Then there is the rush to construction. Thirty-five new buildings have been constructed in lower Manhattan since 9/11 and more are planned. This speed has contributed to the 18 construction-related deaths in 2006, 12 in 2007, and 13 so far in only the first four months of this year. For builders and supporters of this construction, air quality regulations only seem to get in the way.
The lack of credibility from government inspectors is sometimes painfully obvious. Lynda Caspe lives on the top floor of a building on Franklin Street, a few blocks south of Canal Street. Broken skylights in her apartment allowed 9/11 dust to accumulate in her apartment, and when she contacted the city’s Department of Environmental Protection for help, they sent over someone to take a look.
“I asked him where’s your equipment,” Caspe related. “’What equipment,’ he said, ‘I’m just looking.’ Then he said, ‘it doesn’t look dusty to me!’.”
“I asked him if he wanted to see the roof, so we went up to the roof. There were piles of it all over the place so I asked him about it. ‘Doesn’t look dusty to me,’ he said!”
Caspe then hired a lawyer who knew an EPA inspector and this inspector was able to arrange for a proper inspection. Using high-quality air monitoring equipment, the EPA inspection revealed high levels of asbestos in the samples in Caspe’s apartment, and the EPA soon after agreed to clean her apartment.
When asked if she has trouble believing anything the government says now, Caspe laughed, “I believed George Bush when he said Iraq had weapons of mass destruction so you know something’s wrong with my mind!”
The community responds
On Sunday April 13, 2008, in the auditorium of the Borough of Manhattan Community College near the WTC site, community groups came together to hear testimony from a panel of residents, professionals, and government officials involved in the 9/11 aftermath.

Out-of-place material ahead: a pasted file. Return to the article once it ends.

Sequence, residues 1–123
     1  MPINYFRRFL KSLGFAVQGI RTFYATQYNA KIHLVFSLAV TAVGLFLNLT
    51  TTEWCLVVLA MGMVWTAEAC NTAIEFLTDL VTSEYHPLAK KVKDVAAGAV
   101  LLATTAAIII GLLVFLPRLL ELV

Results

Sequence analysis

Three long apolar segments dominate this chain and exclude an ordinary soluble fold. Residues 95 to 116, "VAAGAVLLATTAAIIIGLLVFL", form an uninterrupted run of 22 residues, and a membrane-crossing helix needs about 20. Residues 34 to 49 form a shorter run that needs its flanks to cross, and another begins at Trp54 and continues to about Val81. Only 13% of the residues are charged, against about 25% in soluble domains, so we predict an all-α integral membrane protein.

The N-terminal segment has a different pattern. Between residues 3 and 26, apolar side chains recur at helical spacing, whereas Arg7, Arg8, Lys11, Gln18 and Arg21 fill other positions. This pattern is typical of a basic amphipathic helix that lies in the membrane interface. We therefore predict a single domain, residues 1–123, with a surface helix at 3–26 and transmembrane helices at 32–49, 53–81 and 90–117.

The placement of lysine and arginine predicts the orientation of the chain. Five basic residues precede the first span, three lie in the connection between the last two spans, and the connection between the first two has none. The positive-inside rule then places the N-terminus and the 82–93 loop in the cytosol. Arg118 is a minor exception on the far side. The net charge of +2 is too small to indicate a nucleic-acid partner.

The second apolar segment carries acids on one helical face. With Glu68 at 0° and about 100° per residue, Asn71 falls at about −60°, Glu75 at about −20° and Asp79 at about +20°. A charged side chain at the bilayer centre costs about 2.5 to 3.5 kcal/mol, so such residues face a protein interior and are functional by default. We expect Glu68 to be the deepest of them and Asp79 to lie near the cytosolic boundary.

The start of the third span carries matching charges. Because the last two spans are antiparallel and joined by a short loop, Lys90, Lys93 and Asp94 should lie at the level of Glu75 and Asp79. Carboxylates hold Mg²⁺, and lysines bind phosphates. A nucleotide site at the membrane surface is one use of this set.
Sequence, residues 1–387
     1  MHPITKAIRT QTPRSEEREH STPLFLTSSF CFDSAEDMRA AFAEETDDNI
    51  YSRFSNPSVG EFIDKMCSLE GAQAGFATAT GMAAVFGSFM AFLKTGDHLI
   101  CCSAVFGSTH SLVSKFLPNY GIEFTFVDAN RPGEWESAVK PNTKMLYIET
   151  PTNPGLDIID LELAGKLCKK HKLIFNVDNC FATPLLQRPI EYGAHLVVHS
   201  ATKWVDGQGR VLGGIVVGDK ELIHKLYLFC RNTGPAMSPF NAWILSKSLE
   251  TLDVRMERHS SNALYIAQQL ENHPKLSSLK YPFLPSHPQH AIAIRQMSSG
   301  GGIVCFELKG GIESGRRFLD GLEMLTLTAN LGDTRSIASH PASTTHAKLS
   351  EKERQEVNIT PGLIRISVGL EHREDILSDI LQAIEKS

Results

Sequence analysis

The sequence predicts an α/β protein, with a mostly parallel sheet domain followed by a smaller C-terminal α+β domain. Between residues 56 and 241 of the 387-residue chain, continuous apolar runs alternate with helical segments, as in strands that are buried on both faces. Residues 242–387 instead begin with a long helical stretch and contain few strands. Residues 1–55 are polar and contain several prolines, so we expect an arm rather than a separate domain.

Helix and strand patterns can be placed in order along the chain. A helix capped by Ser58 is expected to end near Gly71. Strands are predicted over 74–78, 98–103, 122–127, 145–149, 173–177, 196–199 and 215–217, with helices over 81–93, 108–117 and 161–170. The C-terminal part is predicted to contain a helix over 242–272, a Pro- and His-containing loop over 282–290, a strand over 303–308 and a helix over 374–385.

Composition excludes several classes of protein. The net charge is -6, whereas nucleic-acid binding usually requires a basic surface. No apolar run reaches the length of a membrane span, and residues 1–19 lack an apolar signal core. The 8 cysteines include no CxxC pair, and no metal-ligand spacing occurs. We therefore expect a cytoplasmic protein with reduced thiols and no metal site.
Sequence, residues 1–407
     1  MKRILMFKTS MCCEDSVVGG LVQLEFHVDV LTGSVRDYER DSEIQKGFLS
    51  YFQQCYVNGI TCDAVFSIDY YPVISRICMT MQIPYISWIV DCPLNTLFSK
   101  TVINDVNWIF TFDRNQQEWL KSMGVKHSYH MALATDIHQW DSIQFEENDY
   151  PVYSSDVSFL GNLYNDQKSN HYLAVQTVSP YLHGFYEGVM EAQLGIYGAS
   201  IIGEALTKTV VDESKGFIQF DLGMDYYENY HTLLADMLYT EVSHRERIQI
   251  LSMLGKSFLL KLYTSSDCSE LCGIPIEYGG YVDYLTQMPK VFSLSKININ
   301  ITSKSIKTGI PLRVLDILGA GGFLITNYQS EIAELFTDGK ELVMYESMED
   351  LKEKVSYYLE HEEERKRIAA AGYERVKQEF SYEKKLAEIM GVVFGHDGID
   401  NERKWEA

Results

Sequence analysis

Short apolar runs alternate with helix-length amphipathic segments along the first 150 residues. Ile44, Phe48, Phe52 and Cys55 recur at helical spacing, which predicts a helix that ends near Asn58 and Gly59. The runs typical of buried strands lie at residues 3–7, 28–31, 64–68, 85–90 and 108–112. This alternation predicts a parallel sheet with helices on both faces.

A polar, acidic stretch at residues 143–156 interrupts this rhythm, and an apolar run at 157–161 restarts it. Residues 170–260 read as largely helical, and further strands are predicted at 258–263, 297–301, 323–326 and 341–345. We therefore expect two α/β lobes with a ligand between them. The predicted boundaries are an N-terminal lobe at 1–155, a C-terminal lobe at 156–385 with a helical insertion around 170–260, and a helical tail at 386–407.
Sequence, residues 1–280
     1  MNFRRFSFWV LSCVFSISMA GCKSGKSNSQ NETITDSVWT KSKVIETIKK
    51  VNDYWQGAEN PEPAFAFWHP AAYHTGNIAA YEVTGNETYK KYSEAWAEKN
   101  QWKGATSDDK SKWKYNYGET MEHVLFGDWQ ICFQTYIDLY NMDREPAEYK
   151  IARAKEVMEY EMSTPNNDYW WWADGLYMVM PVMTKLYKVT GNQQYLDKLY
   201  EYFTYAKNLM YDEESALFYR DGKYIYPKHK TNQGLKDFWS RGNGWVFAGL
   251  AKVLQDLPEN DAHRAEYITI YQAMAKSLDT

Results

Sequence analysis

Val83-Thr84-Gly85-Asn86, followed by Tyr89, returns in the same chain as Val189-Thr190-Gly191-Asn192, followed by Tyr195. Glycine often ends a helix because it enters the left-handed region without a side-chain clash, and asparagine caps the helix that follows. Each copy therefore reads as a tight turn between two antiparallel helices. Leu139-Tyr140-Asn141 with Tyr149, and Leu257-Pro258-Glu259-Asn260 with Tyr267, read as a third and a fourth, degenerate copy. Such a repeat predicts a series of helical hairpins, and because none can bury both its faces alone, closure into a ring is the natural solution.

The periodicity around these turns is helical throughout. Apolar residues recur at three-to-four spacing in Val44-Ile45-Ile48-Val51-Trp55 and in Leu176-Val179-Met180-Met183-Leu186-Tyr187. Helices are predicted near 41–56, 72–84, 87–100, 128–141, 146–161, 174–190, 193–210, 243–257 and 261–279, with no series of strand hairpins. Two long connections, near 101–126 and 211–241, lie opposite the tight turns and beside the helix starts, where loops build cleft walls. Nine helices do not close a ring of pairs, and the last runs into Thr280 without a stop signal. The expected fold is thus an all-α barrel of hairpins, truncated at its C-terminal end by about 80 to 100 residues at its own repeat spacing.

In Chinese, Spanish, and Polish translations, an audience of about 120 listened as panel members openly expressed their anger at the government and the despair they felt. Primary criticisms of the government included not alerting the public of dangers the government knew about and for not taking care of the medical expenses people have now. These expenses can run into hundreds of dollars a month for people exposed to the air at 9/11 or to the dust in the weeks afterwards.
Expressing the widely-felt sense of betrayal, audience member Alex Sanchez asked the panel, “we helped this country get up when it was on its knees and now we have to beg for help? It shouldn’t have to be this way.”
Lea Geronimo, a pretty 37-year-old who looks in her twenties, was an office worker near the Stock Exchange on 9/11. Now she has numerous health issues which include bronchitis, gynecological cysts, neurological deteriorations, and patches of psoriasis, whose scabs litter her face, stomach, and arms.
“It pisses me off,” Geronimo said. “The whole world economy was supposed to be in flux. Most of us had this feeling of camaraderie, ‘I need to get my office together.’ We could have left, the residents could have left, everybody, the students, but we all stayed and we did our part. Now we need the government to fund our health care and to do studies, real studies,” she said.